The law provides that where a claimant contacts Acas and enters early conciliation (EC) during the limitation period, the period of EC stops the clock when calculating the time limit. In The Commissioners for HMRC v Garau, the Employment Appeal Tribunal (EAT) held that as the regulations only allow for one certificate, a second certificate could not extend the time period for bringing a claim.
Mr Garau was given notice of termination of his employment on 1 October 2015 with the last date of his employment being 30 December. On 12 October, he contacted Acas under the mandatory early conciliation procedure; and on 4 November, Acas issued an early conciliation certificate.
On 28 March 2016 the day before the normal three-month limitation period for submitting a claim for unfair dismissal would have expired, he contacted Acas for a second time. It issued a second certificate on 25 April and a month later on 25 May, Mr Garau lodged a claim for disability discrimination and unfair dismissal at the tribunal.
HMRC argued that as the legislation only requires a claimant to obtain one EC certificate, the period for submitting his claims expired on 29 March. As such, his claims were outside the time limit in section 207B of the Employment Rights Act (ERA).
Section 207B states that, when working out the time limit for presenting a claim, the period beginning with the day after the claim is submitted to Acas (Day A) and ending with the day when the complainant receives their certificate (Day B) is not to be counted.
Noting the “unusual circumstances” in which Mr Garau had been issued with two certificates by Acas (one before the limitation period had commenced; and a second during the limitation period after he had been dismissed), the employment judge held that the second certificate “stopped the clock” during the second EC period. His claim for disability discrimination and unfair dismissal was therefore in time. HMRC appealed.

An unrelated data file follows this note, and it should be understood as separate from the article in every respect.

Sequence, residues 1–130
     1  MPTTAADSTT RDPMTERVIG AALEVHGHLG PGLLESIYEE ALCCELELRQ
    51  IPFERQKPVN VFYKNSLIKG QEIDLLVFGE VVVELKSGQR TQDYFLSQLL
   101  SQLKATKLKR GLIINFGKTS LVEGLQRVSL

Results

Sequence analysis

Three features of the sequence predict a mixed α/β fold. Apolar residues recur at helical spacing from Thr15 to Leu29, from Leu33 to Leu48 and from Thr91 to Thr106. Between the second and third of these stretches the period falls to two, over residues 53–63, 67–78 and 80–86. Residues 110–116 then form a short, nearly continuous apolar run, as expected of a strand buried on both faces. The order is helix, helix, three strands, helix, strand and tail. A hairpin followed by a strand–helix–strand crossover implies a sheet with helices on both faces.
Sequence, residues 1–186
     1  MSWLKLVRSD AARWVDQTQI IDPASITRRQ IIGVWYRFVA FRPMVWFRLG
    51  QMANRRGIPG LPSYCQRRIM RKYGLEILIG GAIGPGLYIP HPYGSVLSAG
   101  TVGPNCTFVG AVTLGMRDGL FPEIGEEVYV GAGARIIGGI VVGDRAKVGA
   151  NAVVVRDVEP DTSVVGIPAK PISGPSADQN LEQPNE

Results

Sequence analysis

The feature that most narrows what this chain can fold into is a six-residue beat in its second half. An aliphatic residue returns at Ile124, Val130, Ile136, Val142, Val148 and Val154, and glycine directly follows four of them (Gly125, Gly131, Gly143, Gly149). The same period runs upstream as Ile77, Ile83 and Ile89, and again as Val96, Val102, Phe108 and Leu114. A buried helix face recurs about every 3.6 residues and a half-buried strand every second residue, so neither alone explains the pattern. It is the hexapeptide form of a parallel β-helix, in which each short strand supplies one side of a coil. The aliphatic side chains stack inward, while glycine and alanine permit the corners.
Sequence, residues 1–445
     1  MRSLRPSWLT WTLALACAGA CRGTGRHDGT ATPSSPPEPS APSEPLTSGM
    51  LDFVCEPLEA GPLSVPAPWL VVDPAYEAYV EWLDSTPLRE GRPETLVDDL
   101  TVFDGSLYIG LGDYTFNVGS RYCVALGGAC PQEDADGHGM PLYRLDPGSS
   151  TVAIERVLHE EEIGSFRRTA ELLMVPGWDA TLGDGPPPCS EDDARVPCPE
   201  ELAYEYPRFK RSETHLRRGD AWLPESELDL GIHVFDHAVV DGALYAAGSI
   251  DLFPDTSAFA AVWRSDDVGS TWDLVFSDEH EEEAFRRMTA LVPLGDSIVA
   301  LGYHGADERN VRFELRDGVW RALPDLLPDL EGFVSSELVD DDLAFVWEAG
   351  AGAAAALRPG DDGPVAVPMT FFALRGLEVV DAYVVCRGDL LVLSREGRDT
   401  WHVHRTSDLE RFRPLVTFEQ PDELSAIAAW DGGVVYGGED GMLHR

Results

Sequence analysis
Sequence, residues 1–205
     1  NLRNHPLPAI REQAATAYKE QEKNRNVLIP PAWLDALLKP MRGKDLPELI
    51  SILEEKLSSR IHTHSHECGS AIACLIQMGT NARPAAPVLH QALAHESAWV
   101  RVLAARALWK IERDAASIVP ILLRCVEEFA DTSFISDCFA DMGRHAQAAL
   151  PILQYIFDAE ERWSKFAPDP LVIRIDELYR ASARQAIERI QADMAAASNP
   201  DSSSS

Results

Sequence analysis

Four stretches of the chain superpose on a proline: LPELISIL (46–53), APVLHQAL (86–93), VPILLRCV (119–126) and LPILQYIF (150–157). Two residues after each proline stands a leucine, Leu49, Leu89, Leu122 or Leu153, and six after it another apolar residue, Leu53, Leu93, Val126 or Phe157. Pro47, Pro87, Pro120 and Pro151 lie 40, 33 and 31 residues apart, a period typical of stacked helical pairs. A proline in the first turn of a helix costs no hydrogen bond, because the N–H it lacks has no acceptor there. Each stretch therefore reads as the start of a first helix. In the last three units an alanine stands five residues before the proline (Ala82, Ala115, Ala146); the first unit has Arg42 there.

The EAT allowed the appeal, holding that only one certificate was required in respect of any matter for which a tribunal claim may be brought under the regulations. The second certificate was therefore irrelevant and did not trigger the modified limitation regime in section 207B. Time was not therefore extended.
The EAT considered the second certificate was voluntary and while voluntary conciliation under the auspices of Acas is useful and to be encouraged, it does not, of itself, modify time limits. Voluntary conciliation may influence tribunals which have to decide whether to allow amendments, grant extensions of time, or make other case management decisions.
It also confirmed that the decision in the case of Tanveer v East London Bus and Coach Co Ltd did not mean that the amount of time spent on early conciliation would not count in calculating the date of expiry of the time limit. That was a misunderstanding. In particular, in Tanveer limitation had already started to run when the claimant contacted Acas to start EC.
That was not the case for Mr Garau as he had contacted Acas before the limitation period had started and so the limitation clock could not stop under the first certificate, because it had never started. As the second certificate did not fall within the statutory EC scheme and was a purely voluntary exercise it had no impact on the time limit.
The case follows a number of conflicting employment tribunal decisions and confirms that time spent in early conciliation before the date of dismissal does not stop the clock for the purposes of calculating the time limit.